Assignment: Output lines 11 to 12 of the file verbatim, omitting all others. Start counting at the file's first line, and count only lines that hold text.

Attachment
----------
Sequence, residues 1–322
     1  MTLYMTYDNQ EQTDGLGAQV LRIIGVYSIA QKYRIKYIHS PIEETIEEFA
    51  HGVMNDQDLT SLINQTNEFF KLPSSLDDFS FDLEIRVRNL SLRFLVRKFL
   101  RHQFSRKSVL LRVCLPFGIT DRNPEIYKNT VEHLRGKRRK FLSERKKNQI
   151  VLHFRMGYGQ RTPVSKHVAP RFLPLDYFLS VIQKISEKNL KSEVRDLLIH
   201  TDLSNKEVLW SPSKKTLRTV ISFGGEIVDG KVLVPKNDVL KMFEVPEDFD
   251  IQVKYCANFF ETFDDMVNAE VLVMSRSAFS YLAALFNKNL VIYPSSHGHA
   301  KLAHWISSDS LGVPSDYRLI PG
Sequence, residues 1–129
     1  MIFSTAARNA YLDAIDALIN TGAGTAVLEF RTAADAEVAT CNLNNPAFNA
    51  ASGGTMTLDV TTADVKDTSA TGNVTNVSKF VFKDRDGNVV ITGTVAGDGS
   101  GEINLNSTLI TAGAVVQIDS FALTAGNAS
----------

    51  ASGGTMTLDV TTADVKDTSA TGNVTNVSKF VFKDRDGNVV ITGTVAGDGS
   101  GEINLNSTLI TAGAVVQIDS FALTAGNAS